[pconrad@csil-01 ~]$ pip3 install --user flask Collecting flask Downloading https://files.pythonhosted.org/packages/77/32/e3597cb19ffffe724ad4bf0beca4153419918e7fa4ba6a34b04ee4da3371/Flask-0.12.2-py2.py3-none-any.whl (83kB) 100% |████████████████████████████████| 92kB 1.8MB/s Collecting itsdangerous>=0.21 (from flask) Downloading https://files.pythonhosted.org/packages/dc/b4/a60bcdba945c00f6d608d8975131ab3f25b22f2bcfe1dab221165194b2d4/itsdangerous-0.24.tar.gz (46kB) 100% |████████████████████████████████| 51kB 1.4MB/s Requirement already satisfied: Jinja2>=2.4 in /usr/lib/python3.6/site-packages (from flask) Requirement already satisfied: Werkzeug>=0.7 in /usr/local/lib64/python3.6/site-packages (from flask) Collecting click>=2.0 (from flask) Downloading https://files.pythonhosted.org/packages/34/c1/8806f99713ddb993c5366c362b2f908f18269f8d792aff1abfd700775a77/click-6.7-py2.py3-none-any.whl (71kB) 100% |████████████████████████████████| 71kB 1.8MB/s Requirement already satisfied: MarkupSafe>=0.23 in /usr/lib64/python3.6/site-packages (from Jinja2>=2.4->flask) Building wheels for collected packages: itsdangerous Running setup.py bdist_wheel for itsdangerous ... done Stored in directory: /cs/faculty/pconrad/.cache/pip/wheels/2c/4a/61/5599631c1554768c6290b08c02c72d7317910374ca602ff1e5 Successfully built itsdangerous Installing collected packages: itsdangerous, click, flask Successfully installed click-6.7 flask-0.12.2 itsdangerous-0.24 You are using pip version 9.0.1, however version 9.0.3 is available. You should consider upgrading via the 'pip install --upgrade pip' command. [pconrad@csil-01 ~]$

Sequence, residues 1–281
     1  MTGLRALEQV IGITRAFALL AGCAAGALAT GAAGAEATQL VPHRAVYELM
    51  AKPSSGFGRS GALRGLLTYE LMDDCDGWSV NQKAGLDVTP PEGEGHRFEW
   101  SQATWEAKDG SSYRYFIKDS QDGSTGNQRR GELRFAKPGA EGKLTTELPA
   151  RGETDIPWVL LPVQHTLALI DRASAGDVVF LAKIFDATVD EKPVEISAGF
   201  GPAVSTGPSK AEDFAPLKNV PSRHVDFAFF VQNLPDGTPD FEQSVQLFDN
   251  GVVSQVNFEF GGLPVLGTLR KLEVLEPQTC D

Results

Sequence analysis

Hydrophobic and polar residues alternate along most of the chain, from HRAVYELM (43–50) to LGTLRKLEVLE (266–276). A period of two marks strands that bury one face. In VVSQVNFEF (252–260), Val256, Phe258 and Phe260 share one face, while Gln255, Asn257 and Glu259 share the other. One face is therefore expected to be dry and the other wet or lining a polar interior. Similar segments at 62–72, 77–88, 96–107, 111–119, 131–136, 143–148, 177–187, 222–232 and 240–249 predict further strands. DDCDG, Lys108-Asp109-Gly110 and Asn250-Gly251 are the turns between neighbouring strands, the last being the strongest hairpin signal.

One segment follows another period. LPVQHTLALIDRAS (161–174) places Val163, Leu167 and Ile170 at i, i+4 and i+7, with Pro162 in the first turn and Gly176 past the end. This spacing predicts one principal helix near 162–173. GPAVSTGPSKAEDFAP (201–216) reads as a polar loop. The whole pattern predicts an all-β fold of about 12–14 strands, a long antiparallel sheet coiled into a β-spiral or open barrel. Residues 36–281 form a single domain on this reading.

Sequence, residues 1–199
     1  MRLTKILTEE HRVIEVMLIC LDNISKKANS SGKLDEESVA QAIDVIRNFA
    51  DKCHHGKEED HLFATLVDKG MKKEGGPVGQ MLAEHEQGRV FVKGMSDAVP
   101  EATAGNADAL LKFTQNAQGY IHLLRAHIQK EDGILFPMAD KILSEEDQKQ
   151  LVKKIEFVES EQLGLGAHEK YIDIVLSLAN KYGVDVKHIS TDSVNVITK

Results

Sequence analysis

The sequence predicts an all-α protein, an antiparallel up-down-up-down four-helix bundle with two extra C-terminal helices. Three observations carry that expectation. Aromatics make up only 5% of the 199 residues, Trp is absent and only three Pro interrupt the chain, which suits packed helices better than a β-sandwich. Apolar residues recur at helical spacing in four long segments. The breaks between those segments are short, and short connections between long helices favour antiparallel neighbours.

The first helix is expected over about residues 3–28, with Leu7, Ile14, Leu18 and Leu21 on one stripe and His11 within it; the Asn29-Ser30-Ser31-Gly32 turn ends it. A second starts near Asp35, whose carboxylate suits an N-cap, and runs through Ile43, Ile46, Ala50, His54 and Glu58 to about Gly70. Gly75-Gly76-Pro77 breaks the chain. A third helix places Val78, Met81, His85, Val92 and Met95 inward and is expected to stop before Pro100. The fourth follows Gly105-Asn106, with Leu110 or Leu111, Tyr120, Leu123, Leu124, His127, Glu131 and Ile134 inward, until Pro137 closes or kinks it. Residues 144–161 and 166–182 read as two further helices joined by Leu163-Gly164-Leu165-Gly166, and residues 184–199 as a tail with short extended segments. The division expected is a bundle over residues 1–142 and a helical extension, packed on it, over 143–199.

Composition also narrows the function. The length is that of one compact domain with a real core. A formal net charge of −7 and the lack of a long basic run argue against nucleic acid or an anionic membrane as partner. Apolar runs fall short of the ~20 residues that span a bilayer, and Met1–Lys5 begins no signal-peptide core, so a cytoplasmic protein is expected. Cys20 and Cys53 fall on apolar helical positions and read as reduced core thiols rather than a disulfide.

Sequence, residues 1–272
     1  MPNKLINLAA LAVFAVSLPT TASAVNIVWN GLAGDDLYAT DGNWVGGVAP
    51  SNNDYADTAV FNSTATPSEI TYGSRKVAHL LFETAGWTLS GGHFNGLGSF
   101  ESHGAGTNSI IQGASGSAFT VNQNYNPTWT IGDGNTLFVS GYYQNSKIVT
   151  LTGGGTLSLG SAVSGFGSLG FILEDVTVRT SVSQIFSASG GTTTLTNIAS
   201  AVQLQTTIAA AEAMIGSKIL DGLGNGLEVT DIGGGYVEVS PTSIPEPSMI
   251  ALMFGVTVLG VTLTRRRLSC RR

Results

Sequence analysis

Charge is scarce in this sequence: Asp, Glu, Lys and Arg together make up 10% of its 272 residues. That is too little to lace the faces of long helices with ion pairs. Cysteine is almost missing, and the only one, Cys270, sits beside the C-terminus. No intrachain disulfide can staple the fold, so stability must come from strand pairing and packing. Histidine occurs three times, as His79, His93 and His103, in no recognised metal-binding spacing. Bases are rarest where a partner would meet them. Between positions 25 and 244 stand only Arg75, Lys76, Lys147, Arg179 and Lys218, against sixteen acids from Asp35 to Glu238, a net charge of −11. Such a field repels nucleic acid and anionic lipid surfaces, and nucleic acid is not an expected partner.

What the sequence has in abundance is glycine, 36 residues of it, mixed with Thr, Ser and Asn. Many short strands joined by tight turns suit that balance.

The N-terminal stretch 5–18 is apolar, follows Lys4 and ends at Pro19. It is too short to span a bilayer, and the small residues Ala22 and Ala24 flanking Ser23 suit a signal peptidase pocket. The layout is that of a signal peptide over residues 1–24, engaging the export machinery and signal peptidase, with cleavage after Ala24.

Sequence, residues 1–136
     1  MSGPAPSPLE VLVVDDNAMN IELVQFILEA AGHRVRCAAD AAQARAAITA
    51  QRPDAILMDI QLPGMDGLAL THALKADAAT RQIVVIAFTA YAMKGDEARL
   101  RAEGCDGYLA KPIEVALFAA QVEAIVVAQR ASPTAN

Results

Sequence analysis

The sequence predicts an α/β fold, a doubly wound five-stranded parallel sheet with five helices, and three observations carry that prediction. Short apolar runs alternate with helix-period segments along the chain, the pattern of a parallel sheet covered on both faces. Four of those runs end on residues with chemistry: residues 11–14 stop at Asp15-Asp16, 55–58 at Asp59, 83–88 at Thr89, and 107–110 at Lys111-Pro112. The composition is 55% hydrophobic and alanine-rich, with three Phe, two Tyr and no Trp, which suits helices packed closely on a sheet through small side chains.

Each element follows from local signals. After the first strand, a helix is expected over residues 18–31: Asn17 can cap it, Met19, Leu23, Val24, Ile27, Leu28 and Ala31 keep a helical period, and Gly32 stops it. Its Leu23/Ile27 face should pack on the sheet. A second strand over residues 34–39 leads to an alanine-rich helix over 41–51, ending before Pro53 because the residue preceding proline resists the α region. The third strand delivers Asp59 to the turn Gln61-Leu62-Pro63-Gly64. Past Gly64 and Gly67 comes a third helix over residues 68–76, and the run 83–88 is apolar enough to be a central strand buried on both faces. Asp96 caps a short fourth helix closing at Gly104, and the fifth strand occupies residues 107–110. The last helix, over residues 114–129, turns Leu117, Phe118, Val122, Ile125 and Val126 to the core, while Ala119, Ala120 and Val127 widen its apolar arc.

- A note about that
itsdangerousstuff: don’t worry. It isn’t “dangerous” to install
- On the contrary—the